## Arithmetic Chapter 13 Fundamental Concept of Ratio And Proportion

**Arithmetic Chapter 13 What is meant by the ratio**

- In our daily life, we divide different materials in some definite ratio. For example, let your father divide some amount of money between you and your brother in the ratio 2 : 3. So what actually is meant by this 2 : 3? In the present chapter, we shall discuss a fundamental theory regarding this.
- In general,
**Ratio is the comparative relationship of two quantities of the same kind expressed in the same unit. The ratio is without any unit.** - While comparing similar kinds of quantities, sometimes we take the difference of them i.e., one quantity is less or more than the other by how much, or sometimes, we find how many times or parts is one of the other quantities and we always express it in ratio. Generally this last type of comparison between two quantities we call ratio.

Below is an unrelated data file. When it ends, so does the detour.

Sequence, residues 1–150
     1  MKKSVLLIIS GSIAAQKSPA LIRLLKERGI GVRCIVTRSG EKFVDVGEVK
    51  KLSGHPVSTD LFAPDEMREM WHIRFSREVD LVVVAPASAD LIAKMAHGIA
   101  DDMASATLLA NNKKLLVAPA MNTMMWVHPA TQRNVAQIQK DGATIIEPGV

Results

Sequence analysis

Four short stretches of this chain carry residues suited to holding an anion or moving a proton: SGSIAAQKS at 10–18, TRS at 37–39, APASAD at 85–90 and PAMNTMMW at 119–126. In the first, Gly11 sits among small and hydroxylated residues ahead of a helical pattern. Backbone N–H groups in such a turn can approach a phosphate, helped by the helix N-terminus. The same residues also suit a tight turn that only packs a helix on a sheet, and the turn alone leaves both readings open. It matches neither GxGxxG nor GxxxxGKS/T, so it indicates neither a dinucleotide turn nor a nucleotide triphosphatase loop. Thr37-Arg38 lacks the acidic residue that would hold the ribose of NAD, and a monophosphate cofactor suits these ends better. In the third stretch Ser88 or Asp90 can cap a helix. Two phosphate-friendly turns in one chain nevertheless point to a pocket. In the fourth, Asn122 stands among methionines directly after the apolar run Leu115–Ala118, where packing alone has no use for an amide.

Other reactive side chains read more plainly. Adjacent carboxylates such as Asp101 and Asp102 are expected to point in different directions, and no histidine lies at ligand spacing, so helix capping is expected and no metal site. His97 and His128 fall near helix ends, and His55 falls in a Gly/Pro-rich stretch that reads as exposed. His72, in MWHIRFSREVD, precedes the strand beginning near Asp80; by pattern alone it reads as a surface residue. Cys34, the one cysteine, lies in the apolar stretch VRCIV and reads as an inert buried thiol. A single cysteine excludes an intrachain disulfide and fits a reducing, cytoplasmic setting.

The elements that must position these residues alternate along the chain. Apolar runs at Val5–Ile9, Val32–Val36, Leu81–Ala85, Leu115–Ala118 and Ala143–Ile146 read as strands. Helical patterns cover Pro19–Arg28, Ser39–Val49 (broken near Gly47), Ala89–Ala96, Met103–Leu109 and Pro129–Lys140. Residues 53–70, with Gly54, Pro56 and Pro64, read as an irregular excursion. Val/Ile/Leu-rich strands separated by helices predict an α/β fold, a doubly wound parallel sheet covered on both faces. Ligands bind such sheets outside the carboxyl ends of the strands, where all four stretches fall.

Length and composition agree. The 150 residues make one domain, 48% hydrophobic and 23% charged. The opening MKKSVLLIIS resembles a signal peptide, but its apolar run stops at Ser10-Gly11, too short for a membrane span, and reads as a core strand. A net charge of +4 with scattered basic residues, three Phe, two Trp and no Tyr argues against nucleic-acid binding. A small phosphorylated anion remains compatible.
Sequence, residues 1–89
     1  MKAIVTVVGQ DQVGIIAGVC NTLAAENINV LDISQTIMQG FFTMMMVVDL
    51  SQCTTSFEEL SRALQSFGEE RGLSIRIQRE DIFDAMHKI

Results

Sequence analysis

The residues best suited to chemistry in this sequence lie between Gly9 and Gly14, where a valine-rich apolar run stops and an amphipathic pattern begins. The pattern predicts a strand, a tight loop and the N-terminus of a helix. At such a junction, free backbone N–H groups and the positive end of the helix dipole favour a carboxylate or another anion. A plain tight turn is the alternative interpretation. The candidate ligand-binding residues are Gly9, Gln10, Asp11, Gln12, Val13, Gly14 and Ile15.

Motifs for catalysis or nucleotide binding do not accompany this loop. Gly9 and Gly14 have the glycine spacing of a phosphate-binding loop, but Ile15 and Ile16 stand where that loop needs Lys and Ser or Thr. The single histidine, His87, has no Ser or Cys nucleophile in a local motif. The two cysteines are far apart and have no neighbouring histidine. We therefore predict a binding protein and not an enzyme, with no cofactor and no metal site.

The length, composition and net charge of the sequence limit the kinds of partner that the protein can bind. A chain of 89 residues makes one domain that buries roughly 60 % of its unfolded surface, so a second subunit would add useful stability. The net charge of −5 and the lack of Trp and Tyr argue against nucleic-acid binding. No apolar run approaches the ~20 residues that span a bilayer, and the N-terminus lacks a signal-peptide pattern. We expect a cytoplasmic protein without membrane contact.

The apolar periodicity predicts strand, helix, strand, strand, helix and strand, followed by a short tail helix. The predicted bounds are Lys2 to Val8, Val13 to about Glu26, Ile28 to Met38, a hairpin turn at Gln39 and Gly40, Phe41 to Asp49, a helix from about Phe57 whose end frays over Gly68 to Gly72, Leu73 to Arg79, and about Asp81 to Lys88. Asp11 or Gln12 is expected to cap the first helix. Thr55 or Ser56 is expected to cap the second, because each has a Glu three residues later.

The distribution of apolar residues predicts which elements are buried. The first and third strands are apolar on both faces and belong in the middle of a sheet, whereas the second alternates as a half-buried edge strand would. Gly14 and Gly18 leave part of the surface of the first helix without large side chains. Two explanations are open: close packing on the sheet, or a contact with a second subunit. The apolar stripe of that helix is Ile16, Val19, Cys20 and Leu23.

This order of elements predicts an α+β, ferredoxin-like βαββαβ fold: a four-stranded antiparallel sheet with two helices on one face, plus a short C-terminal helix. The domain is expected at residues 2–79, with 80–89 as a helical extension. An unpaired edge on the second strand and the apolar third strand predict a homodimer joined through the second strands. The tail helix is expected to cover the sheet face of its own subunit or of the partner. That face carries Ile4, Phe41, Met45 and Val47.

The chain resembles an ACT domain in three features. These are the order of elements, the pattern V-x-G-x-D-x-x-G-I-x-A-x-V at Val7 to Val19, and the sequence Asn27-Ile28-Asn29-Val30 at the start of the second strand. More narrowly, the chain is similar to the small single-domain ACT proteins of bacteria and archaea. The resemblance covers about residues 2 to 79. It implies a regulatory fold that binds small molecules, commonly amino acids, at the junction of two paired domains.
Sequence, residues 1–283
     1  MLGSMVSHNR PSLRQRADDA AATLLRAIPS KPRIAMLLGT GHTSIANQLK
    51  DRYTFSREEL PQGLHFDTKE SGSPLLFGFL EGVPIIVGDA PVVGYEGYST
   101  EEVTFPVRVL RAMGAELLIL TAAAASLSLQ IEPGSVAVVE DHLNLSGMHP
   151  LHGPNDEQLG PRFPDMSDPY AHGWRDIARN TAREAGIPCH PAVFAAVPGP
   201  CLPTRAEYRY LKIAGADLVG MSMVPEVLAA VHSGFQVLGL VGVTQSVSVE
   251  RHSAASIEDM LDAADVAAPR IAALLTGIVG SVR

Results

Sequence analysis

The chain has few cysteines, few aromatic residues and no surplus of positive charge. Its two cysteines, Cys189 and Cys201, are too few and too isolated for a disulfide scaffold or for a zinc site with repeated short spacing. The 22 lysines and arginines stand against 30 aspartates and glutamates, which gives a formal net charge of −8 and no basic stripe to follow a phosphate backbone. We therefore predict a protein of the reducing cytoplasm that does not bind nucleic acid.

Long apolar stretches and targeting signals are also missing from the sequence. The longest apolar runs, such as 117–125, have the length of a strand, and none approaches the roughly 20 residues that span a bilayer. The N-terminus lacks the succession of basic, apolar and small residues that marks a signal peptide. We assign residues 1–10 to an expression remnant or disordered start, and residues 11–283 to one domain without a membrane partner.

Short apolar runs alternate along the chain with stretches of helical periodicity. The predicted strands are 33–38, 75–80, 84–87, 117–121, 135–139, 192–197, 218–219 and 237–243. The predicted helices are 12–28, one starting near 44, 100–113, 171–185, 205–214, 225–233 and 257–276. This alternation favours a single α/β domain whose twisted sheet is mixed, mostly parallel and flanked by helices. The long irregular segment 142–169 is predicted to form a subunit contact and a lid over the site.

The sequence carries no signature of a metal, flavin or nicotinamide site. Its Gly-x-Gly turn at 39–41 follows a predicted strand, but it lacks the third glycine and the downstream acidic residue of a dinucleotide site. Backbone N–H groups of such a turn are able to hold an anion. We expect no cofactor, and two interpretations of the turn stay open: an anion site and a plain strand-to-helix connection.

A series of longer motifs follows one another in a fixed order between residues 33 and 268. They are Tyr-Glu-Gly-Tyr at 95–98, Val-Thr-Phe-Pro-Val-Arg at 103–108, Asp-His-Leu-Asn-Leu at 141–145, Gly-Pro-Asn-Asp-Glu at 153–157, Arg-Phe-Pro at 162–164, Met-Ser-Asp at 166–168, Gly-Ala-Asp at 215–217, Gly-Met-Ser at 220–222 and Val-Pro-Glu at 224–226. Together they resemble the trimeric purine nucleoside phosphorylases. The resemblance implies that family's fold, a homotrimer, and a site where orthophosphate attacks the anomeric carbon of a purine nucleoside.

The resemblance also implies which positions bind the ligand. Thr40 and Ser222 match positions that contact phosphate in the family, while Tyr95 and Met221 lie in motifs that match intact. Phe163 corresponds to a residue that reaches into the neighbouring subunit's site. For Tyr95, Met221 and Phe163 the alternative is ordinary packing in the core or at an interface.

- So by the ratio 2 : 3, we mean that if the first number is 2, then the second number will be 3. Similarly, if the first quantity is Rs. 2 or 2 gm or 2 kg or 2 km or
- liters or 2 m etc., then the second quantity will be Rs 3 or 3 gm or 3 kg or 3 km or
- liters of 3 m etc.

**Example:**

- If the ratio of Ram’s money and Shyam’s money is 4: 5, then it means that Ram has Rs 4 or a multiple of Rs 4, then Shyam has Rs 5 or the same multiple of Rs. 5.
- If you have 7 balls and your brother has 9 balls, then the ratio of balls = is 7:9 (writing your ball numbers first). If we write your brother’s ball numbers first then the ratio becomes 9: 7.
- If the first quantity of the two quantities is and the second quantity is b, then their ratio will be-a:
- But its converse may not be correct i.e. if the ratio of two quantities is a: b then it is not necessary that the first quantity is a and the second quantity is b.
- Now a question arises if a ratio is 2 : 3, then what are the values of the first quantity and how many are its numbers? Similarly, what are the values of the second quantity and how many are its numbers?
- Now the first quantity may be:2 x 1 = 2, 2 x 2 = ,2 x 3 = 6, 2 x 4 = 8 etc.
- Under this conditions the second quantity will be respectively 3×1=3, 3×2 = 6, 3 x 3 = 9, 3 x 4 = 12, etc.
- Similarly, the 1st quantity may be any one of the numbers 2/1, 2/2, 2/3, 2/4, 2/5, 2/6, …………., etc.